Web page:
Statistical Analyses

Means or proportions of various exposures were calculated for cases and controls. Statistical significance tests included the χ2 statistic for categorical variables, the Student's t test for normally distributed continuous variables, and the Wilcoxon rank sum test for those values that were not normally distributed. All statistical tests were two sided.

The mean relative percent was calculated for each of the 14 fatty acids for case and control subjects. In addition to the individual 14 fatty acids, groupings of fatty acids were calculated, specifically the ratio of n3 fatty acids to n6 fatty acids (n3/n6) and the polyunsaturated fatty acids to saturated fatty acids ratio (P/S ratio). Calculations included both the unadjusted means and mean levels adjusted for age, gender, and laboratory using the method of least squares.

Logistic regression was used to calculate the odds ratio (OR) and 95% confidence intervals (95% CI) as an estimate of the strength of the association between the fatty acid and SCC risk. In analyses, fatty acid levels were treated as continuous variables and as categorical variables, with the quartile distribution of each fatty acid in the control group used to categorize the population. For those fatty acids that had very small values (e.g., trans-linoleic fatty acid), the population was dichotomized by whether the sample contained a detectable amount of the specific fatty acid or not. The referent category for the categorical variables was the lowest quartile. Trends were tested by inclusion of the continuous variable in the logistic regression models.

Independence of the associations was assessed with inclusion of potential confounding variables. Age, gender, and lab were considered probable confounders because of the study design. Tanning ability with chronic exposure to the sun, current freckles on the arm, and history of actinic keratoses were also included because prior analyses indicated these variables were strong, independent risk factors for SCC of the skin. Because actinic keratoses are probable precursors for SCC of the skin (27) and controls with an actinic keratosis might be considered as potentially misclassified as not having disease, separate analyses excluded controls with an actinic keratosis history. Use of nonsteroidal anti-inflammatory drugs (NSAIDS) was also evaluated as a potential confounder and effect modifier, by inclusion of interaction variables in the models and by stratifying the population by NSAID use and nonuse.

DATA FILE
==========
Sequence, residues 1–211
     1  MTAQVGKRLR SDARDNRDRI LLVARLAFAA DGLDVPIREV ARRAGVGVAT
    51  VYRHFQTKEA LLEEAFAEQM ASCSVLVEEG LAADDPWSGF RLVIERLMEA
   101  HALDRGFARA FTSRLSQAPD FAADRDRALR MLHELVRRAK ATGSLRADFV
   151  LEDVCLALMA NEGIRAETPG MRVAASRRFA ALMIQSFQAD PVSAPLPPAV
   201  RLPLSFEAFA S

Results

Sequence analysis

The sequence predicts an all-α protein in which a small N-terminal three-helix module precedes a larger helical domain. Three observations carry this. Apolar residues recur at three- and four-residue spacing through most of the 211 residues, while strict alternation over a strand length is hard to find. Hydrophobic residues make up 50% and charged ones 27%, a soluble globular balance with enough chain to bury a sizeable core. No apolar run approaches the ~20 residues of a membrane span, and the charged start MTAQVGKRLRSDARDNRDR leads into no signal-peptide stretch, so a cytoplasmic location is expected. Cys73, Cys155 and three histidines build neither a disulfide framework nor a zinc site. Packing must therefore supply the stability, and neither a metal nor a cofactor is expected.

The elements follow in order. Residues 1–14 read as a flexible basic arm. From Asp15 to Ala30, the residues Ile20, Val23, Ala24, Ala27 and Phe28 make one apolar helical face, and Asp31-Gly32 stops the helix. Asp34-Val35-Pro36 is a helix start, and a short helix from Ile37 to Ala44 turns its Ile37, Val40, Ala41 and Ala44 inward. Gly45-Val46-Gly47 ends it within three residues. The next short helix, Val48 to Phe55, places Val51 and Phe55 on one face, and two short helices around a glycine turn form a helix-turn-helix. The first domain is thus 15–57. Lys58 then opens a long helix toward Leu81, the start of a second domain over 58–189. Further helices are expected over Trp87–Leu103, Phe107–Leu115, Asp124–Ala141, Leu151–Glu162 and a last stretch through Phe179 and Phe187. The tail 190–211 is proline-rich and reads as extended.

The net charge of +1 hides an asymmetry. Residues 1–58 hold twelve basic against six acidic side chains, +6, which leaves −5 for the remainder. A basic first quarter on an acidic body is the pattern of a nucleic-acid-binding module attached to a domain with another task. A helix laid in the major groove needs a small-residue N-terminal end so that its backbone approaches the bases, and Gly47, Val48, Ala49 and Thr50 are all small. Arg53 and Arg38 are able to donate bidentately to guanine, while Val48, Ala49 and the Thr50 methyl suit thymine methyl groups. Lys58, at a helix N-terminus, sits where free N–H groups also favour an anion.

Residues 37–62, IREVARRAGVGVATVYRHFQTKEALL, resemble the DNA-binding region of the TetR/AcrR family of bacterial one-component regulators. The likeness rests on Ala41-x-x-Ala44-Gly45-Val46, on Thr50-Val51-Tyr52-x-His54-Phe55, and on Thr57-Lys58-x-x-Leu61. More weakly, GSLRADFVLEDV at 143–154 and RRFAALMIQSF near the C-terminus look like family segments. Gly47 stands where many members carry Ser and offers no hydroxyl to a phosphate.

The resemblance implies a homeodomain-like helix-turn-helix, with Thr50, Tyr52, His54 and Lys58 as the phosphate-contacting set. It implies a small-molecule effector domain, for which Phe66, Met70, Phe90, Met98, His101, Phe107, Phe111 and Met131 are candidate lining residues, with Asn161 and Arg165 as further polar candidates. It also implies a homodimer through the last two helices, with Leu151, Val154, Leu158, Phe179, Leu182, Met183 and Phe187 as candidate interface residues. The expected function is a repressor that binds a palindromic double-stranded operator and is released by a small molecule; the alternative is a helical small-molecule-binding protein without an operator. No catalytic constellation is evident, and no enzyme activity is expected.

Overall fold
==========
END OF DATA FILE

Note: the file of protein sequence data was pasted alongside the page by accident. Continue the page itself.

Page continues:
From January 1993 through November 1996, 404 cases with a recent and first diagnosis of SCC and 391 control subjects with no history of skin cancer were interviewed. Adequate fatty acid analyses were available for 321 control subjects (82%) and 336 (83%) cases. There were no statistically significant differences for any of the demographic or skin characteristics between those subjects for whom fatty acid analyses were available (n = 657) and those not available (n = 138).

Table 1 presents selected characteristics of the sampled SCC cases and controls. Despite use of frequency matching, controls were somewhat younger than cases. Over 97% of both cases and controls were non-Hispanic White of European descent (data not shown) and 66% of the population had some college education. Cases were more likely, however, to report more freckling, inability to tan, usually burning when exposed to the sun, and history of a prior actinic keratosis.